Haas Research Intelligence
Individual Investors See Red, Prof. Terry Odean Finds
Finance Professor Terry Odean compares amateur stock trading to a tourist playing poker with the professionals in the smoky backroom of a Las Vegas casino.
"The institutional investors are the pros who show up in that backroom every day, and that's how they make their living," Odean says. "When you start trading actively, you are betting you are going to outsmart the pros, who are historically smarter."
"I do think that people make money in the market through skill, but those people are not part-time, amateur investors," he adds.
Odean should know: He has been studying behavioral finance since 1993, and his findings don't bode well for individual investors. "The average investor gets it wrong," says Odean, the Willis H. Booth Chair in Banking and Finance I.
Odean elaborated on exactly how wrong in a recent working paper titled "Just How Much Do Individual Investors Lose by Trading?," which he coauthored with Brad Barber of the University of California, Davis, and Yi-Tsung Lee and Yu-Jane Liu, both of the National Chegchi University in Taipei. The paper is based on the most comprehensive sample of trading behavior ever studied: all trades by all investors on the Taiwan Stock Exchange from 1995 to 1999.
Individuals' Losses Add Up
According to Odean's research, individual investors earn 3.8 percentage points less per year than the overall market. They estimated losses by individual investors totaled a whopping $32 billion during the sample period -- the equivalent of 2.2 percent of Taiwan's gross domestic product or 2.8% of total personal income.
"The losses by individuals in Taiwan were shocking," Odean says. "It's a lot of money."
At the same time, institutions enjoy a return of 1.5 percentage points higher than the overall market. Those findings contradict arguments made by some academics who maintain that institutions don't make money in the stock market after paying for transaction costs.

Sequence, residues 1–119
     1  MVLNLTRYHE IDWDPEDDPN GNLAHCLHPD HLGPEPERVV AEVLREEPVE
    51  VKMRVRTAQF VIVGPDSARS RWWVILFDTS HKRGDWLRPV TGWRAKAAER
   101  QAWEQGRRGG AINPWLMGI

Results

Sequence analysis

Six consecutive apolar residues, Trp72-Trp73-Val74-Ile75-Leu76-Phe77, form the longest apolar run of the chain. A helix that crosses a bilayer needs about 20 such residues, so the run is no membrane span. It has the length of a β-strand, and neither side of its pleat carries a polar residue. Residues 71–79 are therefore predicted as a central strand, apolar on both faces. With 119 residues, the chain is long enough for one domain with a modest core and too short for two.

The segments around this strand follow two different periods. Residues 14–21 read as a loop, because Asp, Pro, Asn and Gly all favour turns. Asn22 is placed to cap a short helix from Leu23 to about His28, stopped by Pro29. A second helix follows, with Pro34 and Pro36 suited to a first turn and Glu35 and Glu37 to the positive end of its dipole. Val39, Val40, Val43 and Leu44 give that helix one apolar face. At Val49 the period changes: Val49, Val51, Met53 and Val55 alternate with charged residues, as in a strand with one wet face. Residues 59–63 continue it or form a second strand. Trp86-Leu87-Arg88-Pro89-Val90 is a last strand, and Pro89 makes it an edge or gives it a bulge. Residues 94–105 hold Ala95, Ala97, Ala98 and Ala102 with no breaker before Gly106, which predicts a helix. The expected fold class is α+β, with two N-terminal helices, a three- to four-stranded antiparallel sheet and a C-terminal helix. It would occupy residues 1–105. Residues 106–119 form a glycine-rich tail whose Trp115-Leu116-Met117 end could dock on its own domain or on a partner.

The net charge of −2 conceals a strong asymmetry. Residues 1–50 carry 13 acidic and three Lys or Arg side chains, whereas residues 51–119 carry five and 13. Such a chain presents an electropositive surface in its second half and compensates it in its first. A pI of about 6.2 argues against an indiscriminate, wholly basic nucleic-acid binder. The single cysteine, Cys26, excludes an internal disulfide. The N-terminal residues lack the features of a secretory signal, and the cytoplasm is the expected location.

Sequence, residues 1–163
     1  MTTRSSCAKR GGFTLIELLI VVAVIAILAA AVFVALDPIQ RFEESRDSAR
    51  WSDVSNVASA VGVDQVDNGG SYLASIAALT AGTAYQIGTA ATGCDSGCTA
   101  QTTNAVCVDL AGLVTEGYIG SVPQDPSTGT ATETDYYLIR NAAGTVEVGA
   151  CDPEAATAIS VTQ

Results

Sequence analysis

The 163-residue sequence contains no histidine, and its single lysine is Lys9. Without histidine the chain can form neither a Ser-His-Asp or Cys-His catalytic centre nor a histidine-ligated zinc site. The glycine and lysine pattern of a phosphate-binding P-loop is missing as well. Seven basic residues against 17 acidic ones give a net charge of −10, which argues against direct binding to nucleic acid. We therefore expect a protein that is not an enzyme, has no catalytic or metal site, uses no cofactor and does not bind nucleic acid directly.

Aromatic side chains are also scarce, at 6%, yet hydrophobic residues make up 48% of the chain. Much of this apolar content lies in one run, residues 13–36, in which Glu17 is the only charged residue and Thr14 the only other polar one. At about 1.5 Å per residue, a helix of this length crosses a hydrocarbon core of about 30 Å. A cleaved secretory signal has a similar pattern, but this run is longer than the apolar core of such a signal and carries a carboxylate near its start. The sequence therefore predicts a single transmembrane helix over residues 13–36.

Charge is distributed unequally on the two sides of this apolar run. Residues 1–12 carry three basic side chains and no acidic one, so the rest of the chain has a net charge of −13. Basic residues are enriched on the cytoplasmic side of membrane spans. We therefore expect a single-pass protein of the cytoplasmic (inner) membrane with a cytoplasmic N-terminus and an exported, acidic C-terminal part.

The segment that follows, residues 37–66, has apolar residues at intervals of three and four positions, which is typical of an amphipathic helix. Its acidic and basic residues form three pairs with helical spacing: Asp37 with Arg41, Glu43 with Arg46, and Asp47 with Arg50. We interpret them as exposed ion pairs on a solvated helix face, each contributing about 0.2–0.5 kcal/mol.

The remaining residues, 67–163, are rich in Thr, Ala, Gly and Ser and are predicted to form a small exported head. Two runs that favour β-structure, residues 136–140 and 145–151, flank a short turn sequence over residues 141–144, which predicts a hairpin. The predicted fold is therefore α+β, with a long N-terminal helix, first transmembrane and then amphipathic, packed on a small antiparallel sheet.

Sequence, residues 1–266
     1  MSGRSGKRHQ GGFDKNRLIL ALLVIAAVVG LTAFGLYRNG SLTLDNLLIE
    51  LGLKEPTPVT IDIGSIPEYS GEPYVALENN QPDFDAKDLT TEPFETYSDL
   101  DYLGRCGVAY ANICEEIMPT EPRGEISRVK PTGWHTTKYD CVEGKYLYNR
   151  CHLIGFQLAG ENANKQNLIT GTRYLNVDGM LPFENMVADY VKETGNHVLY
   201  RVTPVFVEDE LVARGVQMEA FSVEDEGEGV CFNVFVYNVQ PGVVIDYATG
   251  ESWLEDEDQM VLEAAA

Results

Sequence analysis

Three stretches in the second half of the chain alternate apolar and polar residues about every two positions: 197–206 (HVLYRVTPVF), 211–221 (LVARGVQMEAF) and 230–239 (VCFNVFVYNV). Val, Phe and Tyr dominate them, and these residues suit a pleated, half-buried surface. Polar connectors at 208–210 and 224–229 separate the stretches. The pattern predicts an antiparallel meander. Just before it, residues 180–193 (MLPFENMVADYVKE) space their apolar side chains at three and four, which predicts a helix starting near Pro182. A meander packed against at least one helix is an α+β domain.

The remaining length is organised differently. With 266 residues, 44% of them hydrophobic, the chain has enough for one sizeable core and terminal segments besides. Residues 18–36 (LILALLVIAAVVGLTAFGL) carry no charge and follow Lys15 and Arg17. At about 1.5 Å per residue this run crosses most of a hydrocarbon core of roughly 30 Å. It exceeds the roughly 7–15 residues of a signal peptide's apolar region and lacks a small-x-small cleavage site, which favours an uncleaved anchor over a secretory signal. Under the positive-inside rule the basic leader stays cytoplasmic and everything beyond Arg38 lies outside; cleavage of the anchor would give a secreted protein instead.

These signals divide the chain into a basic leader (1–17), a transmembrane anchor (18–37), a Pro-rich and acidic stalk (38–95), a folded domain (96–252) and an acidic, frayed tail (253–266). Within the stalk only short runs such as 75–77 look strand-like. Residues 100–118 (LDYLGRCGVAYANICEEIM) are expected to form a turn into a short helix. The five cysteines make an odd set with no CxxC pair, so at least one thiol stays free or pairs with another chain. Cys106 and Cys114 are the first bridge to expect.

When profits are tracked over six months, foreigners – foreign banks, insurance companies, securities firms, and mutual funds – earn nearly half of all institutional profits in Taiwan. "The profits of foreigners represent an unambiguous wealth transfer from Taiwanese individual investors to foreigners," Odean says.
There are, however, some differences between the Taiwan Stock Exchange and US stock markets. Taiwanese investors trade stocks nearly three times more frequently than investors on the New York Stock Exchange. That means Taiwanese investors pay more in transaction costs, which subsequently eat away at their gains. Odean and his coauthors estimated that slightly less than two-thirds of the losses suffered by Taiwanese individual investors stem from transaction costs.
Moreover, the majority of investors in the Taiwan Stock Exchange are individuals, who account for roughly 90% of all trading volume.
More Sharks Circling US Market Waters
Odean hasn't been able to quantify the proportion of US stock market investors who are individuals, but it's clearly lower than in Taiwan. That means the other side of a stock trade by an US individual investor is more likely to be an institution who knows more than the individual.
"There's a nine-out-of-ten chance that an individual investor in Taiwan is trading with another individual who is equally uninformed, and there's only a one-in-ten chance the individual is trading with an institution who is better informed," Odean notes.
"In the U.S., there are more sharks in the water," he adds, referring to professional institutional stock traders.
Based on previous analysis of trades through a US discount brokerage, Odean believes US individual investors suffer from returns about 2 percentage points lower than the overall market, which is about half the loss of Taiwanese individuals.
What does all this mean for active stock market investors in the US?
Odean believes individual investors should stay away from trading individual stocks and instead opt for a market-wide index fund plus some overseas funds. "People should focus on the things that they can control – fees, trading costs, and diversification," he says.
(June 5, 2007)
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